With these profits essentially eliminated, contracted facilities are benefiting from an increase in surgical volume and I worked to align our center's cost structure to play ball with managed care. We're now contracted with over 95 percent of our patients' plans and we accept Medicare and Medicaid. Instead of relying on high returns from out-of-network billing, we aim to provide services within a cost structure that can be maintained with managed care reimbursements. That involves treating patients efficiently without sacrificing safety or compliance with regulatory issues. It also meant we had to change our staffing structure.

The part-time model eliminates paid time off (which in most cases is one-twelfth of a full-time salary's expense) and health insurance costs. That's a huge savings. Most part-time employees want a competitive hourly salary and rely on other sources, perhaps a spouse's plan, for health coverage.

That's not to say I dismiss our employees' welfare. We help find healthcare coverage for those who desire it, although only two of our 24 part-timers requested access to a plan. Many affordable options for major medical are available online and we direct employees to the best options for their needs. We also allocate $250 each month to the center's three full-time employees to use as payments for benefits.

Making the transition
We now have the business manager, the business office assistant and an OR tech as full-time employees. My company serves as the facility's administrator, but the business manager oversees a majority of the center's daily operations. I feel it is important to have a strong leader in this position. Additionally, two part-time assistants work between 12 and 24 hours a week to help run the front office.

Employing a full-time OR tech serves much the same purpose in the back of the facility. Our tech is involved with every case, handles materials management and frequently consults with the surgeons about equipment and supplies. A familiar face and consistent supervision of surgical supplies are essential for this role. Everyone else on the clinical staff is part-time, including the director of nursing, who works between 24 and 35 hours a week.

To make the part-time staffing model work, we compress the surgical schedule, starting cases at 7 a.m. or earlier and ending most days by noon. Block times for certain specialties are also limited to specific days of the week to ensure we can assign part-time nurses to cases that match their expertise; two days are allotted for orthopedic surgeries, three days for ophthalmology cases and two days for GI cases.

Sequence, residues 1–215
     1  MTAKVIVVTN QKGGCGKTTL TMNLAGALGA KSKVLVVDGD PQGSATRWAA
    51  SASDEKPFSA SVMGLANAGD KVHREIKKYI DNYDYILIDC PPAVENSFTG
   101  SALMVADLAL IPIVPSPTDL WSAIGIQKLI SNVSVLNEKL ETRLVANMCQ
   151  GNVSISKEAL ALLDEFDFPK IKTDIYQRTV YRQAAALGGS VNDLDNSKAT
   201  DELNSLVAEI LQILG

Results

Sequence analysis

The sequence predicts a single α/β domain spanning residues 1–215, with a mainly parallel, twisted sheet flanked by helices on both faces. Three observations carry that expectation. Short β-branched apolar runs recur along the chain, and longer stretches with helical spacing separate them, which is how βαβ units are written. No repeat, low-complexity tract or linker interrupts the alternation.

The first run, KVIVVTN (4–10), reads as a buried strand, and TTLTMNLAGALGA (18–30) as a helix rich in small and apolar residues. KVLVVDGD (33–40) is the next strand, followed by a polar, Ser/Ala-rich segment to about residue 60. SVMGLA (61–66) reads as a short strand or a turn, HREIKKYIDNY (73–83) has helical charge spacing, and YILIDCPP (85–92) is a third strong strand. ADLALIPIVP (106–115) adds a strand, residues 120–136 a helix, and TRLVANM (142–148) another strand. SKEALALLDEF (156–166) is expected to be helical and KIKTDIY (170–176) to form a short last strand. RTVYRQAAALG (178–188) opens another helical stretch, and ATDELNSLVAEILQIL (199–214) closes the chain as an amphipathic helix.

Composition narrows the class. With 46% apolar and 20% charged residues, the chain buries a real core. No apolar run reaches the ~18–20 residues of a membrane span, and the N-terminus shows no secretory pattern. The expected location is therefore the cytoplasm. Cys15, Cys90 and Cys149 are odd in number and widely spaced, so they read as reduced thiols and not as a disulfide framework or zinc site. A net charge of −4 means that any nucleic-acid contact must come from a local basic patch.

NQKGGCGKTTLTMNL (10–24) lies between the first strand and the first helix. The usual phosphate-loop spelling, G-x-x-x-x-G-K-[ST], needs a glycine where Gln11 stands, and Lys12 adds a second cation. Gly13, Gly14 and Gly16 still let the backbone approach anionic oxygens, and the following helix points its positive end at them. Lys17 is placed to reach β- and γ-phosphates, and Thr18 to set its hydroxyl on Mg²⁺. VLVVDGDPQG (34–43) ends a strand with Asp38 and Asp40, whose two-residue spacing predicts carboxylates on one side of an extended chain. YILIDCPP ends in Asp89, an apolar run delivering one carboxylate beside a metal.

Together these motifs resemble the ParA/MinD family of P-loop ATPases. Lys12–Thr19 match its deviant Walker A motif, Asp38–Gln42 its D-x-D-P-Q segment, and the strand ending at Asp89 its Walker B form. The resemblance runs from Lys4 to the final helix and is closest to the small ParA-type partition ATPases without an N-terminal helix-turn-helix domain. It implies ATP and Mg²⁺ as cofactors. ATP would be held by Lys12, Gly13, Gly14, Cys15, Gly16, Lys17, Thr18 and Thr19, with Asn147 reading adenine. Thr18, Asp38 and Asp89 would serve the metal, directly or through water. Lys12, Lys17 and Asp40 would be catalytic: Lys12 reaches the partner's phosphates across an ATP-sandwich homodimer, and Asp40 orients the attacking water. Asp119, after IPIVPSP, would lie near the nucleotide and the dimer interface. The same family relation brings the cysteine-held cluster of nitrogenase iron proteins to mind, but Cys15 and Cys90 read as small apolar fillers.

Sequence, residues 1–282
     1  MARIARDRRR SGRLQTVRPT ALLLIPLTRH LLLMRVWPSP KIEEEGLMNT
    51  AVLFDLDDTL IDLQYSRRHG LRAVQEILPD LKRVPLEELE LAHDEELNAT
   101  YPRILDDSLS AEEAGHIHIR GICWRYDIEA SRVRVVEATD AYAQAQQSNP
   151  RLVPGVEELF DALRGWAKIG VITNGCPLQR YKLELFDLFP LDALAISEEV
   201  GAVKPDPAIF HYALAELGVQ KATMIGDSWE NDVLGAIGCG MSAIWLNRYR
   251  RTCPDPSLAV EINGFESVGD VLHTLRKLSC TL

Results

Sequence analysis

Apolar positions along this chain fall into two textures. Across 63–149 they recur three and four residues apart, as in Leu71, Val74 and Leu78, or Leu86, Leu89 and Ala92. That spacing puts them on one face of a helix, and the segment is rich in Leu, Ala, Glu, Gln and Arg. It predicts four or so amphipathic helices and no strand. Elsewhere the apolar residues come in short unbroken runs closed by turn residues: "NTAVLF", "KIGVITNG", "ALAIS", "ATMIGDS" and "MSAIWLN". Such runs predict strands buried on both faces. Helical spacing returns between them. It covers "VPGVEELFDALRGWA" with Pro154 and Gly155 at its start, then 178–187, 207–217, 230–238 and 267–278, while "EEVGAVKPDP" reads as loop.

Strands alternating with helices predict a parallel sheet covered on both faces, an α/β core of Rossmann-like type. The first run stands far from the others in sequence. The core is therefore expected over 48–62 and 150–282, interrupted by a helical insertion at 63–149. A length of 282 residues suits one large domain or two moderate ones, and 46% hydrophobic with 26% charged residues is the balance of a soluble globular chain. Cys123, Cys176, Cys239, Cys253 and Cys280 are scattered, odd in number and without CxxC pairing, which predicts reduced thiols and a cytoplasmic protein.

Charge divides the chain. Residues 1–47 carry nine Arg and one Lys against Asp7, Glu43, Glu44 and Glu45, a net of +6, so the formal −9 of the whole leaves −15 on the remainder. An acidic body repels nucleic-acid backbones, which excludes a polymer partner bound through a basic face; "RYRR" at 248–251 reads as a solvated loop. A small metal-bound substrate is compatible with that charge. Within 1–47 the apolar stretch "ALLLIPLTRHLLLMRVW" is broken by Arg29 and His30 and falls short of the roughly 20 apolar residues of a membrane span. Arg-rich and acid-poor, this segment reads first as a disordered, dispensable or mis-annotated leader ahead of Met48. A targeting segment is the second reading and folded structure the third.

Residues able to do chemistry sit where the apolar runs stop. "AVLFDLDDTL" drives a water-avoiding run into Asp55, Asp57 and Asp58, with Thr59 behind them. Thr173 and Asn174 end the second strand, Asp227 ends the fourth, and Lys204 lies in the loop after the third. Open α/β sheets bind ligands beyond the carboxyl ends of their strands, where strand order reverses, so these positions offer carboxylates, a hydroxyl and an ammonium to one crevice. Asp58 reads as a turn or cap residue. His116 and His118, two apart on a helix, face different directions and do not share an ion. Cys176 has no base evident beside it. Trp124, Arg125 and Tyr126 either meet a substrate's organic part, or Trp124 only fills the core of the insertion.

We also stagger the staff's schedule. PACU nurses, who aren't needed until the day's first patients are out of surgery, start at 9 am. They stay until 2 p.m., or until all patients are recovered and discharged. One nurse is scheduled between 2 p.m. and 4 p.m. for cleanup.

Is transitioning to a part-time model difficult? Yes. And even after additional training and time to adapt to the new schedule, some employees won't stick. You will likely have to change people instead of reassigning roles to the current staff. A nurse working full-time has specific expectations about work and the role of employment in her life, and she may have certain salary requirements. Many full-time workers also feel as if they've been demoted when asked to work part-time; most can't get through that feeling. We just lost a skilled OR tech who thought he could make the transition. He worked part-time for five months, decided he needed to work full-time and left for a position at a local hospital.

Those who desire part-time work often have positions elsewhere or graduate school commitments and are looking to supplement other weekly income without a full-time commitment. Others come from two-income families and may not need to stretch their paychecks to cover household expenses.

I've been asked if I sacrifice quality when hiring part-time help. My answer is an unequivocal no. Each of our part-timers is diligent, talented, driven and devoted - and also happen to be interested in working the occasional shift. We have a circulator who's in medical school and values the opportunity to work two six-hour shifts each week between study sessions. One of our orthopedic techs helps during morning cases before working five hours each night in a tertiary hospital.

Many facilities in California don't have the volume of in-network cases to remain profitable and are not efficient enough to capitalize on the contracted cases they do have. I predict a drop in the number of viable centers in 2007, putting further pressure on cost control and spurring a need for administrators to work smarter, not harder. The part-time staffing model is part of that goal. We've become very efficient, maintained a skilled staff and increased the facility's profit potential.